KEVIN WILLIAMSON: A lot of the reaction against Trump, and I say this as an up-and-down-the-line anti-Trump guy, isn’t based on his policies, it’s based on the sort of people who are attracted to him and his candidacy. And that’s what was on my mind very much while watching these stupid protests and marches and riots and all of that kind of stuff. I want there to be opposition to Trump, but I want it to be intelligent, mature, patriotic, and authentically liberal opposition to him. Instead, we got a bunch of self-infantilizing people dressed in vagina hats, screaming about tampons and that sort of thing.

    KEVIN WILLIAMSON: So, let’s see, if the two candidates -- the two major party candidates were Bugs Bunny characters. … [Hillary Clinton is] a slightly Daffy Duck kind of character, I think in some ways. She’s got an annoying voice, she tends to blow herself up when there’s no particular reason to, things just tend not to go right for her, she’s an egomaniac. She could be sort of a Daffy Duck.

    KEVIN WILLIAMSON: This is something I bang on a lot about I know, and forgive me for bringing it up here again but I think it is relevant, that the idea that there is an epidemic of rape on college campuses is, first of all, demonstrably untrue. That there’s an epidemic of rape anywhere in the country is demonstrably untrue. Sexual assault have declined something like 68 percent in the last 20 years.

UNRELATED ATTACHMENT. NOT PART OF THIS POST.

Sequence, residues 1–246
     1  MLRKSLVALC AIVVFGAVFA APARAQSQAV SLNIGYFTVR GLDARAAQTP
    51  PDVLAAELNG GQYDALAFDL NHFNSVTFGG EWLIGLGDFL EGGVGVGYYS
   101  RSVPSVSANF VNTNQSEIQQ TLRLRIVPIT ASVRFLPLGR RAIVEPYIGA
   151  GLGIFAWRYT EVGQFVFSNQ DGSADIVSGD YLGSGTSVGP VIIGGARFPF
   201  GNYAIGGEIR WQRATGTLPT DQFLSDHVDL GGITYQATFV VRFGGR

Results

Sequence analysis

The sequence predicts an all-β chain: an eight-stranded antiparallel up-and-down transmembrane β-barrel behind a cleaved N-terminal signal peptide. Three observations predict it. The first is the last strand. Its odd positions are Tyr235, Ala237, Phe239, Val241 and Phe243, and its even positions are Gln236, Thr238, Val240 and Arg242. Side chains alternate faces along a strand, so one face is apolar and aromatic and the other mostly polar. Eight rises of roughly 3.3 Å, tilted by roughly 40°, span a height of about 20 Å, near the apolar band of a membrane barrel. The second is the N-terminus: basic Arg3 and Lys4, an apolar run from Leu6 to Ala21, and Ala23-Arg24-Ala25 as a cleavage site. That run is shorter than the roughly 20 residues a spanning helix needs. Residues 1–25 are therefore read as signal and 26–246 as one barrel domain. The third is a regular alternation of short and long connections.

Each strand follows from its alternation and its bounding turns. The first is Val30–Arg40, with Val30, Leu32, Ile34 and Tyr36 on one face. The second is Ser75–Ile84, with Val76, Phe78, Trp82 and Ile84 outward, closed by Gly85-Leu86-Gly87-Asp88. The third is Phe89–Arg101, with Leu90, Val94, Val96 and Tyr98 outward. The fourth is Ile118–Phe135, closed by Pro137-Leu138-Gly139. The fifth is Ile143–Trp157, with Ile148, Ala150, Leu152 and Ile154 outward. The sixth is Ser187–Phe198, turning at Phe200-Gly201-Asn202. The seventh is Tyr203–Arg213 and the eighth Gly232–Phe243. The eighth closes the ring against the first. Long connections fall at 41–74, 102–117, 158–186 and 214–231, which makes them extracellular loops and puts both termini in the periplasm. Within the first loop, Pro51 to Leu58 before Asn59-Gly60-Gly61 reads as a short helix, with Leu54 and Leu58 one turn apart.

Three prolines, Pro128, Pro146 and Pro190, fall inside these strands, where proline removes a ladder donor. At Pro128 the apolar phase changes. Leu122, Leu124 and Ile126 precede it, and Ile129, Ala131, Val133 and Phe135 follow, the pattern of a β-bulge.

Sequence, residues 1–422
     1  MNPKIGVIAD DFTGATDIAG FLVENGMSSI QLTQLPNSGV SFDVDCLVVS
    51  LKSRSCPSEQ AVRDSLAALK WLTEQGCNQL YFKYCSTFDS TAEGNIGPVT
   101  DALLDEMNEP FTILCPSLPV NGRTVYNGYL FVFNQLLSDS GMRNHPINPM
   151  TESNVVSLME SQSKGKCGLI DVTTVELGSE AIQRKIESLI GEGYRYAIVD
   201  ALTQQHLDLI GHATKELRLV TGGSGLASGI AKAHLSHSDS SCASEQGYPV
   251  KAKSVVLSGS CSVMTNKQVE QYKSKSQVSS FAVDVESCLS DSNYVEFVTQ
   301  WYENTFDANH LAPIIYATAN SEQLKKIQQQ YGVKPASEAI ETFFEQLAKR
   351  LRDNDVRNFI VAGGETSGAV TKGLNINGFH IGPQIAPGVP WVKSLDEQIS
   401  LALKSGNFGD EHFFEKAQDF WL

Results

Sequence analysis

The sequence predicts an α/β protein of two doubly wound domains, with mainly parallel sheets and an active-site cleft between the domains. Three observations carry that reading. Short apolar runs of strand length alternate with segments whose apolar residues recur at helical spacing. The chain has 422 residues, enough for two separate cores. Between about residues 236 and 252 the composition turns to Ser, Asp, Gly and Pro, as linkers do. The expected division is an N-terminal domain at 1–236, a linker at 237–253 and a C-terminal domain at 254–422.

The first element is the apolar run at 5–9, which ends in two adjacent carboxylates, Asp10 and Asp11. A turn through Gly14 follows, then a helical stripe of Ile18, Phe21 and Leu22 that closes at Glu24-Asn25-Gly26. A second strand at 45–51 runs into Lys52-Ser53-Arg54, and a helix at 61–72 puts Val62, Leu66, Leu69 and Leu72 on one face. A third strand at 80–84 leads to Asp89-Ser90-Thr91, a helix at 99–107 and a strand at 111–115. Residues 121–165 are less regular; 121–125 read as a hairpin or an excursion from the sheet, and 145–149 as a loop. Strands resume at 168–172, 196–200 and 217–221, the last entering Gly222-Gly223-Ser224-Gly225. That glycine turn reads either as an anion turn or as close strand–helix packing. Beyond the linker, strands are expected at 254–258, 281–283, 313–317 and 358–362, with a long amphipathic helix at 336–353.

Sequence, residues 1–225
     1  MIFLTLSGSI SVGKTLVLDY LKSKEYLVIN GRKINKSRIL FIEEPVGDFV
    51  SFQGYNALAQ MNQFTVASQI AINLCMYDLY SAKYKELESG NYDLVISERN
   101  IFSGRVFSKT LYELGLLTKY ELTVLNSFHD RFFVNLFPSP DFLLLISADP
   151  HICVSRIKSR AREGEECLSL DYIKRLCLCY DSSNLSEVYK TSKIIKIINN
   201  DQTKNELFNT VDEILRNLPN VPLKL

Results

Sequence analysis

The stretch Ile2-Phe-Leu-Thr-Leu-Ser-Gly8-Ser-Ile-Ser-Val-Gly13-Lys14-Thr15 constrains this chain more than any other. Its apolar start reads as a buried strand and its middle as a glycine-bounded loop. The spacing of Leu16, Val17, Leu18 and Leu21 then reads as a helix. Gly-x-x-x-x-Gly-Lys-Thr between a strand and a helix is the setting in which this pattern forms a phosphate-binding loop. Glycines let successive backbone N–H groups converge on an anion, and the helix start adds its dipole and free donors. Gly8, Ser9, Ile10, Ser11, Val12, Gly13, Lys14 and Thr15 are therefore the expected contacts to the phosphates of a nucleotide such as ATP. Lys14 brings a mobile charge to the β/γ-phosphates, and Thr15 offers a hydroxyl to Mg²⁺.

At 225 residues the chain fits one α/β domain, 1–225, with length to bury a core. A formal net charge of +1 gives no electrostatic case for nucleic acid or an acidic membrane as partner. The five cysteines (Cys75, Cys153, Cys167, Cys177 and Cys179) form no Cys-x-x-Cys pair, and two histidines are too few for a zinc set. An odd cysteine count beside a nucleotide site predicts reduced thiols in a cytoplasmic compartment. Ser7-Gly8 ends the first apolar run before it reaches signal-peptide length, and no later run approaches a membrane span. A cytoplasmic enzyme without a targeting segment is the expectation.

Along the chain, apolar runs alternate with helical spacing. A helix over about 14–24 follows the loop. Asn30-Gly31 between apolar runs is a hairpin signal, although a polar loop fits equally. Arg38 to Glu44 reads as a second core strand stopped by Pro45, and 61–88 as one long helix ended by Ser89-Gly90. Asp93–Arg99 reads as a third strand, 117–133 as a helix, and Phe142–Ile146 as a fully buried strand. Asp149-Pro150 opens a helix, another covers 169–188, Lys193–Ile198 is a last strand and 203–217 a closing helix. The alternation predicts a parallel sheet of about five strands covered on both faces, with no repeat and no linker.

On immigration

    KEVIN WILLIAMSON: When I’ve -- I’ve talked about using an income criterion as a kind of cut-off for not all of our immigration problems -- programs -- but a lot of immigration programs, and a pretty high way, say $200,000 a year is more or less OK. There’s background check and other stuff, but if you’re coming in at a wage like that, you’re not being hired probably because you’re the cheapest guy for the job. You’re being hired because someone is looking for a specific set of skills. Because I simply don’t think our country is going to made better off by importing a lot of poor people. It sounds callous to say, but I think we probably have enough poor people in the United States to start with. I don’t really look out at the country and see a shortage.

    KEVIN WILLIAMSON: One of the other problems with the purely economic libertarian arguments about immigration is that people aren’t capital. They’re just not. They bring other stuff with them. And that stuff has to be taken into consideration, I think, as well.